Ecosystems are still a puzzle for mankind. We would like to be able to know their reactions and control them, but repeatedly we have been surprised by their unexpected reactions to our somewhat hasty actions. We unfortunately have to admit that our present knowledge about ecosystems and their true nature is rather limited. Many excellent contributions to a more profound understanding of ecosystems have been launched during the last two decades, but if you do not know the field, it looks as if all the presented ecosystem theories are in complete discord with each other. However, ecosystems are extremely complex and only a pluralistic view will be able to reveal their basic properties. The different approaches therefore have much in common, when you go deeper into the core material, than the first superficial more glance will be able to tell and there is therefore a natural need for a unification of the various approaches to ecosystem theories. It has for many years been my desire to attempt to make a unification of the many excellent thoughts, ideas and observations about ecosystems, that scientists have contributed. These thoughts, ideas and hypotheses have not been made in vain.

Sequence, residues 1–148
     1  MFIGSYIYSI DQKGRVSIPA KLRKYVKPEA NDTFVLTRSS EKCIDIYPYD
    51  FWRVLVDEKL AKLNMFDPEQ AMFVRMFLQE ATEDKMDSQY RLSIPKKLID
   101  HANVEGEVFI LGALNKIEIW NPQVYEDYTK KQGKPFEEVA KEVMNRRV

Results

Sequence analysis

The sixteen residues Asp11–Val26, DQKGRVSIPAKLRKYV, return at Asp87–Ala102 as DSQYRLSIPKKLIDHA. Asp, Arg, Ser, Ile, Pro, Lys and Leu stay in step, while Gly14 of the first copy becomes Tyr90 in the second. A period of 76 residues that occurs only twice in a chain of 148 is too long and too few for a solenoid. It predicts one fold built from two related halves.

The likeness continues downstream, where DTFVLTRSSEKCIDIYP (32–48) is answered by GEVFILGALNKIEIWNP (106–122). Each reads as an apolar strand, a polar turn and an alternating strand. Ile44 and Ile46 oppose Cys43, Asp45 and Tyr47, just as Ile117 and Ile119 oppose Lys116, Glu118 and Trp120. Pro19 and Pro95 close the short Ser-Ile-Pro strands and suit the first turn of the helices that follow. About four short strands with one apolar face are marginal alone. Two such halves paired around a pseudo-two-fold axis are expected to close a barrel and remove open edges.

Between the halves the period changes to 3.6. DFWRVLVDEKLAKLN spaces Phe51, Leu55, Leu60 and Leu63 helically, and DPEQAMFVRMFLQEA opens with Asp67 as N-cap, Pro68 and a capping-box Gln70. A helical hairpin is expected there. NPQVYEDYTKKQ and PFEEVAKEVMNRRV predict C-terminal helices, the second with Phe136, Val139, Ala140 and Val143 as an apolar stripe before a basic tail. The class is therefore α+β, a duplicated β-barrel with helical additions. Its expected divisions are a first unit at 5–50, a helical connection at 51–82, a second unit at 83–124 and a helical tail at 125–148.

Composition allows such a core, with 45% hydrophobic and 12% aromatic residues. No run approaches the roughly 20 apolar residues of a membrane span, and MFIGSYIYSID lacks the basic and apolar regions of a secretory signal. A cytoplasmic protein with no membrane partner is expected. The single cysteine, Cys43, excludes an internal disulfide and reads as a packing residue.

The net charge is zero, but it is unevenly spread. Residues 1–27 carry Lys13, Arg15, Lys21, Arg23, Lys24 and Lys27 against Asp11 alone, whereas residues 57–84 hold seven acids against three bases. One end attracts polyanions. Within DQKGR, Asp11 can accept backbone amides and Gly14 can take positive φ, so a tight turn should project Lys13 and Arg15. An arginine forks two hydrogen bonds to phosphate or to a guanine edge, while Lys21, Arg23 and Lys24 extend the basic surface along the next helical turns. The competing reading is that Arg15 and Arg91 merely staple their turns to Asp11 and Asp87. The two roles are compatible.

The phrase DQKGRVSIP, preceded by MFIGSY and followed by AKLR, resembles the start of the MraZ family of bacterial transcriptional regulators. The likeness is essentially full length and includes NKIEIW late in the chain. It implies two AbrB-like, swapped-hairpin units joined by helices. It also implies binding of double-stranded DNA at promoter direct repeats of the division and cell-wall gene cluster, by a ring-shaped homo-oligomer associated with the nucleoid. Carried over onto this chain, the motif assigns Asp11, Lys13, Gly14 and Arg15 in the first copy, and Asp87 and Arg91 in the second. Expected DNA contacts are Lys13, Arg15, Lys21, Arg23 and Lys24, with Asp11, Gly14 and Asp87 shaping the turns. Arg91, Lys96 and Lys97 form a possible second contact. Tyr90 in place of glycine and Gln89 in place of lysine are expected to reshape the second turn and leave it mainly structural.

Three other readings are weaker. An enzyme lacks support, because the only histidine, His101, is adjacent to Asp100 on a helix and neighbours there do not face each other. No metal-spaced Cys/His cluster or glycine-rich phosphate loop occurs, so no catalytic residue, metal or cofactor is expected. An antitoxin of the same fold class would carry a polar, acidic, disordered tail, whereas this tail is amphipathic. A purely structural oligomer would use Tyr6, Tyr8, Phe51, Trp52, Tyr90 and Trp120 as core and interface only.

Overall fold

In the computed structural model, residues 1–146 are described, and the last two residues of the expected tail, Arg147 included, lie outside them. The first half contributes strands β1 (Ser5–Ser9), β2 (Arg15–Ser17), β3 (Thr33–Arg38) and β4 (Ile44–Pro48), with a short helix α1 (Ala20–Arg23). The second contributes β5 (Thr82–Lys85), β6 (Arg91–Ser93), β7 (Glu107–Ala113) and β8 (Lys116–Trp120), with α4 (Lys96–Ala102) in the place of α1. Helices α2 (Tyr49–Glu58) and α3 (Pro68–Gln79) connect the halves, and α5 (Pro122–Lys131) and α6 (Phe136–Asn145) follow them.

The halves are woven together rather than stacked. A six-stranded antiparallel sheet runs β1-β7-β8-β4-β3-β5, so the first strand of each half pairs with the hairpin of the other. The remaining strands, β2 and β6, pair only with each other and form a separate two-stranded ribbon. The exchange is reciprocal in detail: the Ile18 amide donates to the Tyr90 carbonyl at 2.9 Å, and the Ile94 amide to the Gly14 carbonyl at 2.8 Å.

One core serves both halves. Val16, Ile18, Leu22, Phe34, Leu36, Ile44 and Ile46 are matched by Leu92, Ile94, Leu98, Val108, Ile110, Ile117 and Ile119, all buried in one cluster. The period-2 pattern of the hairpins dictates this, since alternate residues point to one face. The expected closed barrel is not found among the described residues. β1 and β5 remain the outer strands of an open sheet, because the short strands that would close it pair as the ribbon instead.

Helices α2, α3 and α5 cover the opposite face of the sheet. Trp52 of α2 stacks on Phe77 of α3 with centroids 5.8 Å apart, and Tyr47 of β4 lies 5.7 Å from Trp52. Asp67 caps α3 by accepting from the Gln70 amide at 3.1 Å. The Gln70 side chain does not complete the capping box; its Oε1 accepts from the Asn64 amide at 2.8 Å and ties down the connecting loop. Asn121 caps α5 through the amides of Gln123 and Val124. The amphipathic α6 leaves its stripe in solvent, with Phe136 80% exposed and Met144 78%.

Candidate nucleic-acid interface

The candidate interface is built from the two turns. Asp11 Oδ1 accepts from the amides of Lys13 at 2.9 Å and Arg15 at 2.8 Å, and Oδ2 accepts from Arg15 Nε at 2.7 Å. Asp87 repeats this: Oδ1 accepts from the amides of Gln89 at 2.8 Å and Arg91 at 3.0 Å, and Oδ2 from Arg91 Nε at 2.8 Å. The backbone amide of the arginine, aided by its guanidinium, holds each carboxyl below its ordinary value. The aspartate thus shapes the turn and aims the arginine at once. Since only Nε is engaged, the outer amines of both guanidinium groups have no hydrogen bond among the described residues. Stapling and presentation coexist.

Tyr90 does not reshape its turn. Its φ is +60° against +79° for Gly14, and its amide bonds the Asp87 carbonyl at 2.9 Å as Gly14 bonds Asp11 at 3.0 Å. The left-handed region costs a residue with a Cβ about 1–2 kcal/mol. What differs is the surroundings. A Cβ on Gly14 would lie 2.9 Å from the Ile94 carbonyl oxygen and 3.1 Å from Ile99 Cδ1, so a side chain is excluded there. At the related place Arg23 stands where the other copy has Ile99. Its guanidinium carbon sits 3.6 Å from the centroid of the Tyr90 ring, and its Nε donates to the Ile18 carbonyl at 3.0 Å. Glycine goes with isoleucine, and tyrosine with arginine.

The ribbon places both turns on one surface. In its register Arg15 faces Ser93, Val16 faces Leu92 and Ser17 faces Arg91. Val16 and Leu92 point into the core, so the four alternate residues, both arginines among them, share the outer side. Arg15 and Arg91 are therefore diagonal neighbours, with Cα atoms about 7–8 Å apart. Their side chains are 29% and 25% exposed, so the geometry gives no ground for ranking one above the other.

The presence - or absence - of soil organic matter (SOM) has important implications for agricultural productivity. It could also have significant implications for global climate due to its role as a source/sink of carbon. Therefore, it is important to understand the issues related to the accumulation or loss of SOM, to use what we have learned from experiments to make sound decisions about soil and crop management, and to test models and future concepts concerning SOM management. A database is included with the book, presenting tabular data for 34 sites in North America.
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